A CAMPAIGN has been launched to encourage Scottish theatre bosses to make the traditional pantomime season easier for autism sufferers to enjoy.

SNP MSP Mark McDonald and the National Autism Society (NAS) Scotland are calling on theatrical producers and theatres to follow the example of some venues which stage less frenetic shows, making it easier for sufferers to come and support their favourite heroes and villains.

Performances currently taking place at His Majesty's in Aberdeen, the King's in Edinburgh, its Glasgow namesake and Dundee Rep, are so-called "relaxed" performances of some of the traditional festive favouries.

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Being traditionally noisy and frenetic, pantomime is a theatrical form which is inimical to people suffering from autism and other sensory and communication disorders. Staging a relaxed performance means those who would otherwise be excluded from theatres can enjoy this very seasonal treat.

"It is great that Aberdeen Performing Arts are putting on an autism-friendly performance at His Majesty's Theatre again this year," Mr McDonald said. "The fact that similarly accommodating performances in Edinburgh and Glasgow have taken place too shows the progress being made by theatre in becoming more accommodating for people with autism.

"I am now calling on all panto organisers across Scotland to look at what we've achieved in Aberdeen to think about how they can adapt their pantomimes to allow people with autism to enjoy their show as well."

Jenny Paterson, director of NAS Scotland added her voice to Mr McDonald's plea.

"We welcome organisations such as theatres and cinemas making performances more accessible for individuals with autism," she said. "Often just turning down the volume and dimming the lights can make such a difference. At NAS we will happily advise anyone interested in adapting a show to make it more autism friendly."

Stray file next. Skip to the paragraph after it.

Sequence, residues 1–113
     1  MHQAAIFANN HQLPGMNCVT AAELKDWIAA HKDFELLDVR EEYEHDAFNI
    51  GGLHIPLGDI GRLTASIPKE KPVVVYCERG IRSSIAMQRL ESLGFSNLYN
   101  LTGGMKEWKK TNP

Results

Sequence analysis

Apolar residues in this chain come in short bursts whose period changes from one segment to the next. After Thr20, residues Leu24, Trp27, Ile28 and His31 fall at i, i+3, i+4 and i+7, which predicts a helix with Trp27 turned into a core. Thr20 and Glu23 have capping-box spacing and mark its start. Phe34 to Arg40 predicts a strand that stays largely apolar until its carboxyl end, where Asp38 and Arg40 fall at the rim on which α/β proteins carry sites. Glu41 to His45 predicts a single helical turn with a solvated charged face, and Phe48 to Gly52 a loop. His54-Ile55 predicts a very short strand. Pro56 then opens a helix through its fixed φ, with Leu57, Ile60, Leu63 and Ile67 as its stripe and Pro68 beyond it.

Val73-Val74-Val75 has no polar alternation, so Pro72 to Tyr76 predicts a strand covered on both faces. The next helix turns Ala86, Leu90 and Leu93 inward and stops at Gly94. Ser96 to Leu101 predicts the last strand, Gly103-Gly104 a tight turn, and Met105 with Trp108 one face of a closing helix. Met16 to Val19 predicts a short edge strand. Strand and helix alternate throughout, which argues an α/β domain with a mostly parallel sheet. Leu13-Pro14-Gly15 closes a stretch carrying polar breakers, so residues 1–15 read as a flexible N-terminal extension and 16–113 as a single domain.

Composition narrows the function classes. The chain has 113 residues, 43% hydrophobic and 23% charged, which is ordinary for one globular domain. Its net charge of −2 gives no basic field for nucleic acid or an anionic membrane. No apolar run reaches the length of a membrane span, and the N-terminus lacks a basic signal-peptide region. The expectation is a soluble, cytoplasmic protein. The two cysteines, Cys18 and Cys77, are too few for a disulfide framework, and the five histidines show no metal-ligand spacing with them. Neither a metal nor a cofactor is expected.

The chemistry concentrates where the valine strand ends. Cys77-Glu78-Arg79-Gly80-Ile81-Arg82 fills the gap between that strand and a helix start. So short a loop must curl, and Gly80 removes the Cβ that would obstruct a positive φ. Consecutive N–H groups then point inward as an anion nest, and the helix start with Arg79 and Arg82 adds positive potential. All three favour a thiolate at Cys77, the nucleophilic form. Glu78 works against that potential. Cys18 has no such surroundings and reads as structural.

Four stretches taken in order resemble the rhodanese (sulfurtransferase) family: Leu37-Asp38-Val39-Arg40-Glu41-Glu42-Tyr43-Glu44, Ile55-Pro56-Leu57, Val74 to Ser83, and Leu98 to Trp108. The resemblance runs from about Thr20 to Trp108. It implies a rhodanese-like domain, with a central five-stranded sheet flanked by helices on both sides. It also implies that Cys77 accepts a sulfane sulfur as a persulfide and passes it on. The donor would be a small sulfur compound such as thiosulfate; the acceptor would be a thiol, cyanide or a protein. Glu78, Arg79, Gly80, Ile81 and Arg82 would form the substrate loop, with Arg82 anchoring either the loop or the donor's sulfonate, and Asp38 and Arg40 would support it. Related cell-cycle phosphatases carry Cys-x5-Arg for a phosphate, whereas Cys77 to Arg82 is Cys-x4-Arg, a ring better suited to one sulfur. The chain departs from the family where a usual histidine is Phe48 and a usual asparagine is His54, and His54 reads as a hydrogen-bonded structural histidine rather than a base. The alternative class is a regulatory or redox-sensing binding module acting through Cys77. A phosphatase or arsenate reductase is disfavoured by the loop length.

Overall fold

Scotland's first relaxed panto performance was a production of The Snowman at the King's in Edinburgh in 2012.

Last year, the same theatre put on two performances of The Selfish Giant and on January 15 2015 it will stage a relaxed performance of this year's show, Aladdin. It will see over 600 pupils from all of the capital's 11 schools for children with additional support needs enjoying a theatre trip that would have been unthinkable just a few years ago.

Meanwhile Aberdeen Performing Arts are staging a relaxed production of Beauty And The Beast at His Majesty's on Friday January 2 and on the morning of Wednesday January 7, the King's Theatre in Glasgow will host a relaxed performance of its show, Peter Pan.

Dundee Rep staged a relaxed production of its Christmas show James And The Giant Peach on December 6 and the theatre has said that it is actively looking at developing more productions in 2015 which are sensitive to the needs of people suffering from autism, Downs Syndrome or sensory and communication disorders. Among the other Scottish theatres also providing relaxed performances is the Brunton Theatre in Musselburgh.

Most autism-friendly pantomime shows are also accompanied by downloadable visual guides. These explain that, in the words of the one accompanying the Aberdeen show, traditional panto effects such as pyrotechnics, strobes and loud noises will be removed in order to give "those who otherwise may feel excluded the chance to experience live theatre."

Relaxed performance, it continues, "have a less formal, more supportive atmosphere in order to reduce anxiety levels. There is a relaxed attitude to noise, movement and small changes to the lighting and sound levels."

Another supporter of autism-friendly performances is Elaine C Smith, who appeared in last year's Aberdeen production of Cinderella: "I remember my nephew, who has autism, coming to see me in one of my first pantos in Glasgow, and having to watch it from behind a pane of glass because the noise and the lights were quite terrifying for him," she said at the time.